I’m in the process of creating a workout guide as I had the same issue when I started… I Just could find anything on exercising in ketosis… I was losing muscle mass when I was doing a 7 day split…lol… Basically you want to work each muscle group at least twice a week. Workout with medium to heavey loads between 8-12 reps. I also bike 20 miles a day but it’s casual, not sprinting…lol… Cardio isn’t really necessary as it can raise your cortisol levels if it’s to extreme and kick you out of ketosis… You definitely want muscle contraction thought… I will update this post with more information… Good question!
Current lifestyle — Sleep, nutrition, and activity level are all key factors when it comes to weight loss. The more drastic the changes in these areas, the more likely you are to witness dramatic changes in your weight. In other words, if you currently eat healthy, get plenty of sleep, and are moderately active, you will lose weight on keto, but it won’t be as fast or as drastic as someone who isn’t eating healthy, getting enough sleep, or exercising.
Many dieters shy away from nuts because of their high calorie and fat count. But studies show that eating a handful several times a week can prevent heart disease and ultimately help you shed pounds since they fill you up and stop you from snacking on other things. Almonds, in particular, contain lots of monounsaturated fats and fiber. (Healthy swap: Replace peanut butter with almond butter.)
During my honeymoon to Greece I had the chance to visit the oldest-known olive oil tree in the world. Most olive trees can live more than 500 years, but this one is at least 2,000 years old! Given that Greeks consume 12.8 kilograms of olive oil per year — compared to four kilograms in North America — it got me thinking about the importance of these trees to their daily life. Greece’s increased consumption of this healthy fat shows why the Mediterranean diet has been linked to a reduced risk of heart disease and lowered cancer risk for those who follow it.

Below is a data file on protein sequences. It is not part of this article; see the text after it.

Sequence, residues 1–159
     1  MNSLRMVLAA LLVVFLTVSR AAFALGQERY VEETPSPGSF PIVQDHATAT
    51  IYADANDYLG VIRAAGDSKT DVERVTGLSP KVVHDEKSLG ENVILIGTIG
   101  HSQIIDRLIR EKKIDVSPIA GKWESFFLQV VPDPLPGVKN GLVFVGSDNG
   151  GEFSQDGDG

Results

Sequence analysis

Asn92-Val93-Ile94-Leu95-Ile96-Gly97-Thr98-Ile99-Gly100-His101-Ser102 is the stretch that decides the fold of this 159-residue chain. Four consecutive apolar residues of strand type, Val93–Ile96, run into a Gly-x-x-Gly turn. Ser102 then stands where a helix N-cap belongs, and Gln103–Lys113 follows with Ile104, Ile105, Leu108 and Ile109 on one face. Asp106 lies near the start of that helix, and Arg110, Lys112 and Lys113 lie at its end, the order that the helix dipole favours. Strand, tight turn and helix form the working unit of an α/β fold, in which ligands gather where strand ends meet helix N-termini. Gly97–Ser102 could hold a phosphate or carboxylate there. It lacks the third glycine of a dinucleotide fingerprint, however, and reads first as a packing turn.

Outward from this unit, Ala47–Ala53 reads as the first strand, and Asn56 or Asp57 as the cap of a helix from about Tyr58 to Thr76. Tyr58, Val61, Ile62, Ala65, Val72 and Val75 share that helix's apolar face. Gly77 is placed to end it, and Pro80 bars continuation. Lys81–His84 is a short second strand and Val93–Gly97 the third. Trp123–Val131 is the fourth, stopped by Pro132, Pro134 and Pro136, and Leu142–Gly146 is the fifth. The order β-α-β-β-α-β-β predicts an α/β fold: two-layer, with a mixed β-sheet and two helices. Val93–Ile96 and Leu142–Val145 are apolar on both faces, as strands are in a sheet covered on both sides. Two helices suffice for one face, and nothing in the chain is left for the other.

How much olive oil should you consume daily? While recommendations differ depending on your specific calorie needs and diet, anywhere from one to four tablespoons seems to be beneficial. Estimates show that those in the Mediterranean region probably consume between three to four tablespoons a day, and this is the amount that some health practitioners recommend to their heart disease patients.
When you want to add some carbs to a workout, you can follow the targeted ketogenic diet. You’re allowed a few extra carbs, but they are only on the days and around the timings of your workouts. The focus is on still getting the exercise without struggling with energy. You wouldn’t need to do this if you get enough fat into your diet and once your body gets into the ketone producing zone.
Research supports the health benefits of a Mediterranean-style eating pattern that includes several different foods. It is the combination of these foods that appear protective against disease, as the benefit is not as strong when looking at single foods or nutrients included in the Mediterranean diet.  Therefore it is important to not simply add olive oil or nuts to one’s current diet but to adopt the plan in its entirety.
Concentrated MCT oils are often derived from “a blend of coconut and palm oils.” I personally always look for MCT oils sourced only from coconut oil or sustainable and rainforest friendly palm oil because the palm oil industry is responsible for the deforestation for large parts of the rainforest. Thousands of acres of rainforest are being destroyed to make room for palm production. This has also driven many animals out of their natural habitats and greatly threatens species like the orangutan and Sumatran tiger, which are both in danger of extinction.
On the other hand, coconut oil does have some well-documented health benefits that concentrated MCT oils might be lacking. The biggest drawback to buying manufactured MCT oil is that you might not really know what you’re getting. In order to produce a liquid MCT oil that does not become solid at colder temps, it might need to be more refined than regular coconut oil.
And monounsaturated fat isn't the only thing olive oil has going for it nutritionally. Some olive oils come with phytonutrients that may offer their own disease protection benefits (still, it's not clear whether most of us can take in enough of these phytonutrients without going overboard on olive oil, says Joyce Nettleton, DSc, RD, researcher and editor of the PUFA Newsletter).